NASA’s James Webb Space Telescope (JWST) has snapped a picture of Cassiopeia A (CasA), a dramatic structure left behind by the death throes of a star that exploded from Earth’s perspective about 340 years ago.
Using its powerful near-infrared camera (NIRCam), JWST peered through Cas A’s cosmic dust to reveal never-before-seen structures of the expanding shell of material hitting the gas shed by the star.
Studying these structures could help us understand how stardust spreads through the universe and how it helps, ultimately, create life.
“With NIRCam’s resolution, we can now see how the dying star absolutely shattered when it exploded, leaving filaments akin to tiny shards of glass behind,” research lead Danny Milisavljevic of Purdue University said in a statement.
“It’s really unbelievable after all these years studying Cas A to now resolve those details, which are providing us with transformational insight into how this star exploded.”
Studying a supernova remnant is like looking at a stellar “autopsy” Milisavljevic said in a previous statement.
Scientists study these images closely to reconstruct what a star might have looked like and what happened when it bursts.
JWST uncovered delicate structures in Cas A like “shards of glass” Milisavljevic said, which could be remnants of the star itself glowing in pink and gold as the dead star’s sulfur, oxygen, neon, and argon interact with nearby dust.
JWST also uncovered cosmic “bullet holes” behind a green cloud of cosmic gas that previously hid scientist’s view, NASA said in an accompanying video. These are thought to be made by ionized gas punching through other gas left behind by the star.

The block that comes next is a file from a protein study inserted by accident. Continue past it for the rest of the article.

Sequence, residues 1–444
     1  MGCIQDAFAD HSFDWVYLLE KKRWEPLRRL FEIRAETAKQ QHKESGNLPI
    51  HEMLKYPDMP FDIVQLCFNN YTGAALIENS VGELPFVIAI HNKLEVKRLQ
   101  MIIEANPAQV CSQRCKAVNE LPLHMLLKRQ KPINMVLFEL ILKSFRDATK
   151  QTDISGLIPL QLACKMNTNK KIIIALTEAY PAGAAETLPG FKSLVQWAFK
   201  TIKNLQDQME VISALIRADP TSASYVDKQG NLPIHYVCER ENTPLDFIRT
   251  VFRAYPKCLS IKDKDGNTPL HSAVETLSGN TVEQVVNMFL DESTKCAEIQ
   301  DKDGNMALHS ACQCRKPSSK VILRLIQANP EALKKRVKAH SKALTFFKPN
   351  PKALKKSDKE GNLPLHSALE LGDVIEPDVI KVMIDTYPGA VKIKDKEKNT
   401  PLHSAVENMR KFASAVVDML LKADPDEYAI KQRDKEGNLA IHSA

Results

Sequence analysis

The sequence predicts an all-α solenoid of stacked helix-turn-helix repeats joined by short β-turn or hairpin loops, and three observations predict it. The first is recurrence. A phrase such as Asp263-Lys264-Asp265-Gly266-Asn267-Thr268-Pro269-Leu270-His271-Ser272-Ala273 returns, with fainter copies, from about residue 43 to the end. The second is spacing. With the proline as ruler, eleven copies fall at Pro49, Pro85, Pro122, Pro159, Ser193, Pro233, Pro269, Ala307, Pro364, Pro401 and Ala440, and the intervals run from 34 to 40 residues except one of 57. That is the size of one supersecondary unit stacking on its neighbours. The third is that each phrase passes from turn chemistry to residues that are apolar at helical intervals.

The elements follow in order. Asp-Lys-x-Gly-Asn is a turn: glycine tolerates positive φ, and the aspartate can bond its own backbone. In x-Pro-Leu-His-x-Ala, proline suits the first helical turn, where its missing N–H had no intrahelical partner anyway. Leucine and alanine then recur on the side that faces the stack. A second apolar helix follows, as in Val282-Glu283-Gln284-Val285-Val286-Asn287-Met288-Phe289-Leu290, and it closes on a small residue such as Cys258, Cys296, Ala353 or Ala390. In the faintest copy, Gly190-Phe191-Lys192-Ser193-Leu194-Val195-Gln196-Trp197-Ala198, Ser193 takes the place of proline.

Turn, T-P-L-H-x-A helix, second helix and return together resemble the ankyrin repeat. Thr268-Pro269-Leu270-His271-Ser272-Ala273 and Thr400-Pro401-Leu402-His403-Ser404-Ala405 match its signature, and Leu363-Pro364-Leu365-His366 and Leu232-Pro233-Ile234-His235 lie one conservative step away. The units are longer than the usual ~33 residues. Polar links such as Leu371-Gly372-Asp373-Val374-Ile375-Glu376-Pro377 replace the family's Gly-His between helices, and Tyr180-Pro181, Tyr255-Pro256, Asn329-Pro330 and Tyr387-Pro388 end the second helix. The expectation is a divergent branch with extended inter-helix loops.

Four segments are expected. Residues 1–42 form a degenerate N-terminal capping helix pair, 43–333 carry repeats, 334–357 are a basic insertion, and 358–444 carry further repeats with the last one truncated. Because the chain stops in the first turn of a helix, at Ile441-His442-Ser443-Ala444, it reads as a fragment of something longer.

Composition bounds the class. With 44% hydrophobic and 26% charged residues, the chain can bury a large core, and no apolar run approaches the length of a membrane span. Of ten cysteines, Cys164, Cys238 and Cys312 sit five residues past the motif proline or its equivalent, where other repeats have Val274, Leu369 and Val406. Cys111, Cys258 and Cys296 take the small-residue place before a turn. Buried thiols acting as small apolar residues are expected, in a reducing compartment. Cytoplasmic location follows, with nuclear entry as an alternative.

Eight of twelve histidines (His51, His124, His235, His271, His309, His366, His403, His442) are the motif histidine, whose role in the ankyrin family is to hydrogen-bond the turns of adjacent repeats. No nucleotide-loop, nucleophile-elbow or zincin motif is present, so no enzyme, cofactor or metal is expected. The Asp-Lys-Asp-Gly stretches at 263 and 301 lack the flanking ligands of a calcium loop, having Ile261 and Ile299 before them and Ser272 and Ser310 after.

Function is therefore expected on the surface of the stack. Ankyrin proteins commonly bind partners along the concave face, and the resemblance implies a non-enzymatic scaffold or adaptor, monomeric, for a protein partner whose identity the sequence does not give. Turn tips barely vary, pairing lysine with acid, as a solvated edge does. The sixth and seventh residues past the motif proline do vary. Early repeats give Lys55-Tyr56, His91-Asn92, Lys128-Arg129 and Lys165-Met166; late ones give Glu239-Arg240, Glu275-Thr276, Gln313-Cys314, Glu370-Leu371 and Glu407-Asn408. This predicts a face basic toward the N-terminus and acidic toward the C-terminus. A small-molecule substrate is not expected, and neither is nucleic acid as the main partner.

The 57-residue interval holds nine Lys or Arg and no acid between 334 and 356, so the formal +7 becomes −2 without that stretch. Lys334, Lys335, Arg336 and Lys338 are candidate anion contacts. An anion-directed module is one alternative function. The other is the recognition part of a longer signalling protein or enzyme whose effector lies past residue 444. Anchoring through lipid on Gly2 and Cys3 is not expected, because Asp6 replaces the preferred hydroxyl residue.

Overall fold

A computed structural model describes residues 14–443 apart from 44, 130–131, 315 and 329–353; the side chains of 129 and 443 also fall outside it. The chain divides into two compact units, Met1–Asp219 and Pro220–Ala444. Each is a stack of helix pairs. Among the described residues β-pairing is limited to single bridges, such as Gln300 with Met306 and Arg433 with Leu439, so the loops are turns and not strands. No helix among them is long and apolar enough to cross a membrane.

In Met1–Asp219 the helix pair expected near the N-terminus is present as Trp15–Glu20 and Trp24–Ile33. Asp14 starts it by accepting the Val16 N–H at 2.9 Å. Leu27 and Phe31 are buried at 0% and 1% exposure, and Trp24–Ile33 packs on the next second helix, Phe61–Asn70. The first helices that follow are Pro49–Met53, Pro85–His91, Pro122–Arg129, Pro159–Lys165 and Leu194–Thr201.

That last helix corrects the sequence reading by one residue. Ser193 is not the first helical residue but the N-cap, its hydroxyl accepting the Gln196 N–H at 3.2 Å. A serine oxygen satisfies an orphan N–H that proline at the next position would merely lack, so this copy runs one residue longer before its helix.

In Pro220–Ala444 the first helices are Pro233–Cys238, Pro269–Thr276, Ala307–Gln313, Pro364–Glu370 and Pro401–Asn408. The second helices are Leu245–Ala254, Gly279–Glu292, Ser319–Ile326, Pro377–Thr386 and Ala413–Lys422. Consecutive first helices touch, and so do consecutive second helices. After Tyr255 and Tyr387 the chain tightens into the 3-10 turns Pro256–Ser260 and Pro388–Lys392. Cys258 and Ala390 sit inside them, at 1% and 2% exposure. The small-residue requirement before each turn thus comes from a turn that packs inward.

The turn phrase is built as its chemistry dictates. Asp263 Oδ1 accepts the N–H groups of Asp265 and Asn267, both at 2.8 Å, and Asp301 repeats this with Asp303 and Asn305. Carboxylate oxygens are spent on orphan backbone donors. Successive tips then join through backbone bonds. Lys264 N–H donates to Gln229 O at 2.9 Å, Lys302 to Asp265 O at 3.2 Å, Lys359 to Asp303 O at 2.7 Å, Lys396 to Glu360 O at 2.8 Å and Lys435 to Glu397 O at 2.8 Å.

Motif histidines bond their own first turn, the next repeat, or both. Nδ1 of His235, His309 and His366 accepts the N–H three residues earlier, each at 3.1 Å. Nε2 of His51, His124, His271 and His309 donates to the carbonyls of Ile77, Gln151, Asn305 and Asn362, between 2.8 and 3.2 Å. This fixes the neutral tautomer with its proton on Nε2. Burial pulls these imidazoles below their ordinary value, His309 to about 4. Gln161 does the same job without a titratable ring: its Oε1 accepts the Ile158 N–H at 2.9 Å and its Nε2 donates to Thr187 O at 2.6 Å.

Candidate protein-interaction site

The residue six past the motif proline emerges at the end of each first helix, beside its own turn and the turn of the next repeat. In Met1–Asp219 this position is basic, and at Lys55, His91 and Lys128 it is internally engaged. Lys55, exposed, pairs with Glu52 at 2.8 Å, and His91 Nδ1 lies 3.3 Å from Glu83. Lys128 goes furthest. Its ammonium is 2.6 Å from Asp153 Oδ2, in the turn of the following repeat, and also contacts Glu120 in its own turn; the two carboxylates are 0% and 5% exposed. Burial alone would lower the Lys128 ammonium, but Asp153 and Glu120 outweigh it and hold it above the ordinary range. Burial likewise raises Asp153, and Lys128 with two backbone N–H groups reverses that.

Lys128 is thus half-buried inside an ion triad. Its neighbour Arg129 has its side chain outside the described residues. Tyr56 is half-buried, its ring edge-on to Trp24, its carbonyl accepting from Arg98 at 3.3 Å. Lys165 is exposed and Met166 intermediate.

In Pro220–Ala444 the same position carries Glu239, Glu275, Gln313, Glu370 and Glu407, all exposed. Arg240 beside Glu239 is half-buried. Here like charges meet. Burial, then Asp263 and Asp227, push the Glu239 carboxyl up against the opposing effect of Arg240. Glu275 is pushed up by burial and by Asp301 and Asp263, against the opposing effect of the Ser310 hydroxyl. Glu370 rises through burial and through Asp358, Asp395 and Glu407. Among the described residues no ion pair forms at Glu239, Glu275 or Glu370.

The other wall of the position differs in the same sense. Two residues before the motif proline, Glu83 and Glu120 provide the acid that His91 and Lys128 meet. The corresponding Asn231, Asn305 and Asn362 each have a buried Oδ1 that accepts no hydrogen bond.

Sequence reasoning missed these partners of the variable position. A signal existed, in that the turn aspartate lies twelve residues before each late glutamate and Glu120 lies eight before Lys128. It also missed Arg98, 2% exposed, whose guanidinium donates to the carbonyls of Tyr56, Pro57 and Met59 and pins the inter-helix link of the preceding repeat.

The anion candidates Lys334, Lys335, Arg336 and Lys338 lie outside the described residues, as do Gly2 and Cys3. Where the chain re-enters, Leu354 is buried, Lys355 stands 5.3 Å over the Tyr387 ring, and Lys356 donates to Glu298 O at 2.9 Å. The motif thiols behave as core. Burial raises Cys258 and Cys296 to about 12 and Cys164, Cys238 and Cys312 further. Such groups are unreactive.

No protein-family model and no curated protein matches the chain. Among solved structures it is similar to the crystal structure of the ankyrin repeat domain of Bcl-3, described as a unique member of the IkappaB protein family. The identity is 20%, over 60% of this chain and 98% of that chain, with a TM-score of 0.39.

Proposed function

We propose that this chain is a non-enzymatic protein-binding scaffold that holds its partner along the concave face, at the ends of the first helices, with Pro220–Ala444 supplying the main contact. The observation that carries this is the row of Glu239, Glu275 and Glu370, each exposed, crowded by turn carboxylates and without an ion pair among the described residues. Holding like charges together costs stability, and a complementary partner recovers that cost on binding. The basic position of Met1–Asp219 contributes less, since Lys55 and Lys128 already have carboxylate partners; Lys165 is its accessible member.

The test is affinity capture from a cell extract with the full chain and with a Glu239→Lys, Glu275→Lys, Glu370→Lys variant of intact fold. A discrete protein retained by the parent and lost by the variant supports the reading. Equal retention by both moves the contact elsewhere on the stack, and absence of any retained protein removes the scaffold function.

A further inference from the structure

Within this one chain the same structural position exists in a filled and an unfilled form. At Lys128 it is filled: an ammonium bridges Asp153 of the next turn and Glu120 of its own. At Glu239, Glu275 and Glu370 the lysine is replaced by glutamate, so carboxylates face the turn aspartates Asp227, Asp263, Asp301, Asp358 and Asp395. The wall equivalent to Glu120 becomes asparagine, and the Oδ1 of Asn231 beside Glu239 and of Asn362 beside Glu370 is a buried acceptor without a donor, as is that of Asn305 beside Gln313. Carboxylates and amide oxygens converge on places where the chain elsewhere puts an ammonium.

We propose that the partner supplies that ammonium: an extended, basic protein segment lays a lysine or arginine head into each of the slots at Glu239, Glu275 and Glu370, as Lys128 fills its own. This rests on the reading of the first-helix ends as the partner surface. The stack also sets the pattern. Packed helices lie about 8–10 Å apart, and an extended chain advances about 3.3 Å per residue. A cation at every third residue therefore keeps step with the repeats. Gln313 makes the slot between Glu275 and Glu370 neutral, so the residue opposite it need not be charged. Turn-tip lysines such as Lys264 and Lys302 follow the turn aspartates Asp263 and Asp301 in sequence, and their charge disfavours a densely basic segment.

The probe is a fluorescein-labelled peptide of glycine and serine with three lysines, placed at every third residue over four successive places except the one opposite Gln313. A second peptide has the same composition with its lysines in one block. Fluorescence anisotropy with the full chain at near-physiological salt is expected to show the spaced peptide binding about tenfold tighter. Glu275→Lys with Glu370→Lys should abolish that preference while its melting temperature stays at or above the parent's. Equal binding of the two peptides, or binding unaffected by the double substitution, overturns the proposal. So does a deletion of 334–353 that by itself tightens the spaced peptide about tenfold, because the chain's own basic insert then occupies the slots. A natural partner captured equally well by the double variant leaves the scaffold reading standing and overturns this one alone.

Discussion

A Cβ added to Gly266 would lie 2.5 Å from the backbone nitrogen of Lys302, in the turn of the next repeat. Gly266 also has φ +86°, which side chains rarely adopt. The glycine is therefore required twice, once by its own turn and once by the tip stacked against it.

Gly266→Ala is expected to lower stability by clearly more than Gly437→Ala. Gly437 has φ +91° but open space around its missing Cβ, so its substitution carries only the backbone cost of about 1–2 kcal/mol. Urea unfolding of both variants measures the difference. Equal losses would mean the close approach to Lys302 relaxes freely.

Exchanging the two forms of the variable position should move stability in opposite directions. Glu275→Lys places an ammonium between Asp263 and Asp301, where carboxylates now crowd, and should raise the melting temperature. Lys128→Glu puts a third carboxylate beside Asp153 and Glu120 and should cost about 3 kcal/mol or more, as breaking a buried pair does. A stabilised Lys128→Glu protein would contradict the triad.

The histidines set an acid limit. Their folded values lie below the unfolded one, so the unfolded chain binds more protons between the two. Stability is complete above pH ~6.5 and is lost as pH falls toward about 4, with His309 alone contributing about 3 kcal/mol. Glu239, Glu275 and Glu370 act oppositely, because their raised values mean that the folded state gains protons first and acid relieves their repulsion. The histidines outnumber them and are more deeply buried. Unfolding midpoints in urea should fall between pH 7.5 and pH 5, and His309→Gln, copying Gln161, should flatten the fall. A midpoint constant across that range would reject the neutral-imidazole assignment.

A new structure, nicknamed “Baby Cas A” by the researcher, also appeared in JWST’s field of view.
Scientists are excited about this structure, because it is thought to have caught an “echo” of the explosion, seen as light from the supernova that is interacting with cosmic dust. Though it looks a lot smaller than Cas A, “Baby Cas A” is about 170 light-years behind the supernova remnant.
Cas A has been particularly helpful in studying stellar forensics. It is relatively close to us, about 11,000 light-years away in the constellation Cassiopeia.
It’s also the youngest known remnant of a massive star in our galaxy, so what scientists are seeing is the very beginning of the event.
Understanding the last moments of nearby stars is important because they hold some of the building blocks of life. They spread calcium and iron through the cosmos, without which we wouldn’t have bones or blood.
“By understanding the process of exploding stars, we’re reading our own origin story,” said Milisavljevic.